The regulation of the duties of pension trustees and advisers will change next month.
The Pensions Regulator (TPR) will replace the Competition and Markets Authority (CMA) and oversee the regulation of trustee duties when the Occupational Pension Schemes (Governance and Registration) (Amendment) Regulations 2022 come into force from 1 October.
TPR has revised its guidance on the tender process for fiduciary management services and trustees setting objectives for their investment consultants.
The change comes after the CMA investigated the provision of Investment Consultancy (IC) and Fiduciary Management (FM) services to pension schemes.
Investment consultancy advises trustees on investment strategy and related matters. Fiduciary management involves the delegation of some investment decisions by trustees to advisers alongside providing advice on investment-related matters.
Adverse effect on competition
The CMA provisionally found an adverse effect on competition and likely customer detriment for trustees and in turn the employer sponsors of Defined Benefit schemes and the members of Defined Contribution schemes.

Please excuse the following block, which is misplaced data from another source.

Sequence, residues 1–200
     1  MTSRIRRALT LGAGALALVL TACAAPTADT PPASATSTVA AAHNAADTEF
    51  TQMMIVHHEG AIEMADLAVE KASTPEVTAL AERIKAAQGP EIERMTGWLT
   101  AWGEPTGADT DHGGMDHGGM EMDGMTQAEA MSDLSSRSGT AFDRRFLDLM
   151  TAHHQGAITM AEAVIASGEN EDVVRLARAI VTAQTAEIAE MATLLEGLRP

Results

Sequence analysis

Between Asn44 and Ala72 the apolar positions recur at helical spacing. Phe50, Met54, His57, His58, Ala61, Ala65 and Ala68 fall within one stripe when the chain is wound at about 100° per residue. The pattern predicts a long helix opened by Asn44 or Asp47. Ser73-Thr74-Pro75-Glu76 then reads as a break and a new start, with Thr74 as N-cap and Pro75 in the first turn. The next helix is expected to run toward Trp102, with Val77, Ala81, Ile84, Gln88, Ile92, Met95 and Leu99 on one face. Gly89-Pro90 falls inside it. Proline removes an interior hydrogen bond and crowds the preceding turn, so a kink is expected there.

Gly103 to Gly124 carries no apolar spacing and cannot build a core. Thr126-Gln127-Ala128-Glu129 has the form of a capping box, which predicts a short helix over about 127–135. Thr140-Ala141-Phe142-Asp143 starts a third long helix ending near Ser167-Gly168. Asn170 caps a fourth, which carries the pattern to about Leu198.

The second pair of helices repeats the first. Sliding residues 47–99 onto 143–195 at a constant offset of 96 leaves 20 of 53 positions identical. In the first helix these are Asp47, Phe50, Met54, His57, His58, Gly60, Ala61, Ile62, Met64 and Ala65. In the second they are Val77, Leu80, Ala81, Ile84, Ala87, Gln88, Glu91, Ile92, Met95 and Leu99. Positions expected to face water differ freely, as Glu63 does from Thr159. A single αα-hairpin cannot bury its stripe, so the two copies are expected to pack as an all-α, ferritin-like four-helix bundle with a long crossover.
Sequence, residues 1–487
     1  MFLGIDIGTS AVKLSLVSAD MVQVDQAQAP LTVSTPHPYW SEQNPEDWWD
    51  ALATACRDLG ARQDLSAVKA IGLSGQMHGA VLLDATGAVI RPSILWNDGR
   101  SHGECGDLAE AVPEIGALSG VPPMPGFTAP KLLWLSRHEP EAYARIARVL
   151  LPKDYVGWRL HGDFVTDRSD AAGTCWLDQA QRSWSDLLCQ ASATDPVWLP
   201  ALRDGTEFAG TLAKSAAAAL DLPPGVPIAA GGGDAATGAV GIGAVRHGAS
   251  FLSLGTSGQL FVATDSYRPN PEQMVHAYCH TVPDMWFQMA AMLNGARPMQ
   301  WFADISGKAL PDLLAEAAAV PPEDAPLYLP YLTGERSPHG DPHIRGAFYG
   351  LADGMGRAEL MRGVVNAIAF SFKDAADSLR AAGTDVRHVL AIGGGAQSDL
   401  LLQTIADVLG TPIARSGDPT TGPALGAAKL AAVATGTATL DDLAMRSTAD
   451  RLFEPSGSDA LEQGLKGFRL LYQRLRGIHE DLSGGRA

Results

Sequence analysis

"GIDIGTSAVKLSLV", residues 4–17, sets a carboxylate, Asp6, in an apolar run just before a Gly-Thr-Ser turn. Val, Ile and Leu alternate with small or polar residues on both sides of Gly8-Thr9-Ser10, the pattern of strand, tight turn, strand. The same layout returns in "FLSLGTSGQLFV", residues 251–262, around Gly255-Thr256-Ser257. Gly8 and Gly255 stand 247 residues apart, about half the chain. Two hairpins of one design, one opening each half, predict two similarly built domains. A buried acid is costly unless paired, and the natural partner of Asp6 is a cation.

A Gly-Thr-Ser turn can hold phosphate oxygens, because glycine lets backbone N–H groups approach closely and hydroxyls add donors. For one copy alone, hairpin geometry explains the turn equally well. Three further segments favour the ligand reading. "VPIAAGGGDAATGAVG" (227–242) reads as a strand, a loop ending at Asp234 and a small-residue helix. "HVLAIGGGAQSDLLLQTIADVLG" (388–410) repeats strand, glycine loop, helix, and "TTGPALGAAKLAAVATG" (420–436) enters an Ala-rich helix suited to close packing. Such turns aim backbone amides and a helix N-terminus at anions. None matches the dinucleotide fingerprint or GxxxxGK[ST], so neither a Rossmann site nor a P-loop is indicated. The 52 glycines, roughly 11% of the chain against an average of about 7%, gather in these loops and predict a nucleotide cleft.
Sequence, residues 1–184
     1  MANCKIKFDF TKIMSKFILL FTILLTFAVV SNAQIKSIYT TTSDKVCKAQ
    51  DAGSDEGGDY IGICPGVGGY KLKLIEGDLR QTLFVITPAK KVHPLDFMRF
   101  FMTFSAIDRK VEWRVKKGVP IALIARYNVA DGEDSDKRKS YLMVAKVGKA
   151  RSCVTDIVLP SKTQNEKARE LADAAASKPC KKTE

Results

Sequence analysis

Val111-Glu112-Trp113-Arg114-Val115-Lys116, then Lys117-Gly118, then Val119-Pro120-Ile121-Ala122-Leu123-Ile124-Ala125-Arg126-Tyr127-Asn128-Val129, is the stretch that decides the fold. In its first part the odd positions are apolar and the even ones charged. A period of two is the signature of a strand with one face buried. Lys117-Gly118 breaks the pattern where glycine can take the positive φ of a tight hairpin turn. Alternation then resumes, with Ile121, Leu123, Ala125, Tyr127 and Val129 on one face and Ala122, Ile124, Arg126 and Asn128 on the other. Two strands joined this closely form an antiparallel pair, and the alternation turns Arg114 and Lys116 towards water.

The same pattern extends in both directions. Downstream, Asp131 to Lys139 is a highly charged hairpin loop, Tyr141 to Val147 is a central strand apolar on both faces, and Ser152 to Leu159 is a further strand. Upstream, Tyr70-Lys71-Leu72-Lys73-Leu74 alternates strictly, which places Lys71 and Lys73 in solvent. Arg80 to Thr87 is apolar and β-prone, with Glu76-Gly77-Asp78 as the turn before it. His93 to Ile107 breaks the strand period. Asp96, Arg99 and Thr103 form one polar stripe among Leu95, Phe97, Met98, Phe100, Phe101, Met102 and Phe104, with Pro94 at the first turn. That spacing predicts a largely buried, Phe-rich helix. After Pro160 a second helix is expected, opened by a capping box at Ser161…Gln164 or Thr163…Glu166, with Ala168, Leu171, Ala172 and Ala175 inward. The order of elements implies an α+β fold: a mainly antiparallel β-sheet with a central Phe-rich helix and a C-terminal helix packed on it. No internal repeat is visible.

On 12 December 2018, the CMA published its final report on its market investigation, but COVID-19 delayed implementation.
- There was a low level of engagement by trustees
- There was a lack of clear and comparable information to assess value for money
- Customers were being steered by consultants towards their own higher-cost fiduciary management services
Since December 2019, trustees have been legally required to run a competitive tender process when appointing fiduciary managers in relation to 20 per cent or more of scheme assets.
Value for money for savers
They have also been prohibited from receiving investment consultancy services without having set strategic objectives for their investment consultancy provider.
David Fairs, TPR’s Executive Director of Regulatory Policy, said: “Robust monitoring of a scheme’s financial advisers can influence the effectiveness of its investment outcomes and ensure it is following long-term plans. It also helps trustees ensure they are delivering value for money for savers.
“Since trustees have been required to comply with these obligations and to self-certify their compliance to the CMA for two years, the introduction of these regulations should not place an additional burden on schemes.”
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